Checking if Frequency is in Use: How to Do it Right?

As part of our advanced practices for Quality True Telegraphists, we will take a look at the traditional and current practices of checking a frequency is free before using it, and how we might improve upon these practices.

So, you are now ready to make a CQ call.

How do we check if the frequency is in use before making our call?

The traditional way is to send “QRL?” but there’s something important we should do before that, and let’s see how to also improve upon the technique.

The very first thing we must do, having found the frequency we wish to use, is to listen intently for a least ten seconds and ideally much longer, to see if we hear any signals on the frequency. If we do, that means it is occupied.

If we don’t hear anything, it still is not yet time to send “QRL?”, first, we must open up the wide filter again, switch off that narrow filter for a moment. Otherwise, if we are interfering with someone on a nearby frequency outside of our narrow filter, how will we hear them respond with “YES”, “QSY” or “QRL”.

So now, we are ready to actually ask if the frequency is in use: first, we listened and heard nothing with the PRE AMP ON, the RF GAIN UP FULL, and then we also switched OFF any narrow filters so we can hear up and down in the wide filter. So, how do we now ask, do we send QRL?

Most operators do, but this is not the BEST practice. Let us look at better ways and techniques, to avoid QRM, and using best etiquette.

If we now send QRL? this is quite a long transmission, and if anyone is on frequency hearing a weak station and in QSO with them, maybe even they are S9 and near by to you but you did not hear them yet as they’re listening to a long over from the weak station, your “QRL?” is going to cause great annoyance. So, let’s first do something shorter and more tentative: “?”

Yes, the very first thing we send after having listened as above described, is send only a “?” as it is short, and if there is another station they may respond with <AS>. If you hear nothing after sending “?” you can now send “QRL?”

And if you still hear nothing, you should again send “QRL?”

Why, you may ask, all this fuss. If you have any idea about HF radio propagation you would know that what YOU cannot hear, someone else on frequency most likely CAN hear. So, at this point a few reminders:

  1. You not hearing anything doesn’t mean the frequency is clear
  2. Due to QSB, your first “?” and first “QRL?” may not be heard

But, if we are keen to improve yet further, can we use something better than “QRL?” After all, although traditional among radio amateurs, the professional would take issue with this abuse of the Q code.  “QRL?” means “Are you busy?” Which is actually appropriate among radio amateurs, because someone IS busy if they are in a QSO. It does not however exactly mean “Is the frequency in use?” it means “Are you busy?” although this amounts to the same thing.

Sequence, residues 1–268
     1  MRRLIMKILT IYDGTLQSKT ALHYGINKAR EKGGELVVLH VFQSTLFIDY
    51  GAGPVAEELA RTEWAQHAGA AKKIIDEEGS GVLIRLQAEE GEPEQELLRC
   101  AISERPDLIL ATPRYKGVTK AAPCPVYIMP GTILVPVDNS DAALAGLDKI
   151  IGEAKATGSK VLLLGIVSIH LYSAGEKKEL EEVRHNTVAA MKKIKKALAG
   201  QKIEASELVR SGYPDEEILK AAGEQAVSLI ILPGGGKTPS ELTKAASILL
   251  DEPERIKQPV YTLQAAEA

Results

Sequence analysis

The issue we may have with “QRL?” however, from a practical point of wanting to minimize QRM while checking, is it is still quite a long Q code. We mitigate this by first using “?” alone. But we could also substitute “QRL?” with “QRT?” which is a shorter code, and also very accurate: “Should I stop sending?”

QRT is one of the essential Q Codes that every QTT should master. It is essential as being asked to stop transmitting by another primary user, for example on 30m, the military or government user, must be followed. If you hear QRT you MUST stop sending. So, we can use “QRT?” instead of “QRL?”!

Some operators, instead, send “QSY?” which means “Shall I change my frequency?” – This of course is also an option, but, it is even longer than “QRL?” in CW, and thus even more annoying if another station is on frequency listening to his QSO partner. “QRT?” would be the best option, but it is optional!

No matter which method you use, in summary, you must at very least do ALL of these:

  1. Listen. Wide filter, not narrow filter. RF Gain full. PRE AMP ON.
  2. After at least 10 seconds to a minute or more, if nothing heard, send “?”
  3. If still nothing heard, send “QRL?” or “QRT?” once only and wait.
  4. If still nothing heard, send “QRL?” or “QRT?” again and wait.

All of this again with NO narrow filter, RF gain full, and PRE AMP on.

Only then, if you still hear nothing, should you call CQ.


Leave a comment

Your email address will not be published. Required fields are marked *